REVIEW: Elizabeth Harvest [2018]

It just happened Brightly lit as though a fantasy beyond Elizabeth’s (Abbey Lee) wildest dreams, we meet her and new husband Henry (Ciarán Hinds) as they drive towards the rest of their lives. She basks in the luck she believes she possesses to find a man of his intelligence and wealth even if she’s quizzical to his having chosen to marry someone as “simple” as she by comparison. But regardless of these nagging insecurities, Elizabeth does seem legitimately happy. The age difference between them is a non-starter and the smiles…

Read More

REVIEW: Justice League [2017]

“I don’t have to recognize it. I just have to save it.” There are a lot of haters out there—those who pile on Zack Snyder, the DC Extended Universe, and both. I’m not one of them. But that doesn’t mean I’ve loved what they’ve delivered. We’ve received one good film (Wonder Woman), one ambitiously enjoyable mess (Batman v Superman), an okay origin tale (Man of Steel), and a mildly enjoyable mess (Suicide Squad). Despite this union’s many flaws, however, it’s consistently brought something wholly unique tonally in comparison to Marvel.…

Read More

REVIEW: Silence [2016]

“An army of two” A labor of love twenty-five years in the making, Silence is tailor-made for Martin Scorsese‘s sensibilities as a person and director. Not only does it comment on faith and therefore his personal struggles being someone who contemplated going down the road towards priesthood, it also provides similar subject matter and plot progression to his most famous religion-based drama The Last Temptation of Christ. This epic journey is ostensibly the last temptation of Sebastião Rodrigues (Andrew Garfield), a Jesuit priest striving to cultivate Catholicism in Japan at…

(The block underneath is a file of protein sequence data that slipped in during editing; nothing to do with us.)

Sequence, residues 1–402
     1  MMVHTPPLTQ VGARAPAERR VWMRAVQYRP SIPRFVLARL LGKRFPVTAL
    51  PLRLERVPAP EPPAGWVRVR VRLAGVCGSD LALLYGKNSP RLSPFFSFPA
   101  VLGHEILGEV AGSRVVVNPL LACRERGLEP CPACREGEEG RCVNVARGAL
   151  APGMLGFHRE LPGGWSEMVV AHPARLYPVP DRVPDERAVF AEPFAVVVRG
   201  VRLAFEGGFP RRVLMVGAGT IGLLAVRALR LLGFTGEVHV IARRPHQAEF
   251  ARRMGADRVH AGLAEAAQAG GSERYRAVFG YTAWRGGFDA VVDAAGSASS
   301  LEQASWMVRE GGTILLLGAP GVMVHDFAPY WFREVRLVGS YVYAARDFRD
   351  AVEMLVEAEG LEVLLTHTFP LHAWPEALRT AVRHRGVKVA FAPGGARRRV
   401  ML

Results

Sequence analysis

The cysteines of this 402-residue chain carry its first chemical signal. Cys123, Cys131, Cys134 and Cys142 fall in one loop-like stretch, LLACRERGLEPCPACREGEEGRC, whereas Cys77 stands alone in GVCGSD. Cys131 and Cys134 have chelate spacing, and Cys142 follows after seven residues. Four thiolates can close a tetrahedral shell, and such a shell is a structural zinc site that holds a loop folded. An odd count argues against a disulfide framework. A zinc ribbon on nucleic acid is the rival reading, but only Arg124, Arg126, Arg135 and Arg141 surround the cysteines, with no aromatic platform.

Read More

TIFF16 REVIEW: Bleed for This [2016]

“Christ and elephants” There’s something about boxing movies that gets butts in seats regardless of so many being practically the same story. The formula almost always concerns some type of personal and professional redemption and Ben Younger‘s Bleed for This is no exception. Being a true telling of Vinny Pazienza’s (Miles Teller) arduous journey back into the ring after a near-fatal car crash severed his neck, however, means it possesses some substance beyond the old “washed up” bid for revenge against the press or a former coach/manager who’s now inexplicably…

Read More

REVIEW: The Cook, the Thief, His Wife & Her Lover [1989]

“The naughty bits and the dirty bits are so close together” The above quote pretty much sums up Peter Greenaway‘s The Cook, the Thief, His Wife & Her Lover. High society and criminal filth: seemingly disparate sectors of civilization that wouldn’t truly wish to consort together yet constantly overlap through history to almost merge into one. The surface context of the words concerns a conversation about the close proximity between genitals and anuses during dinner as only the boorishly crude gangster Albert Spita (Michael Gambon) could describe, but it also…

Read More

REVIEW: Frozen [2013]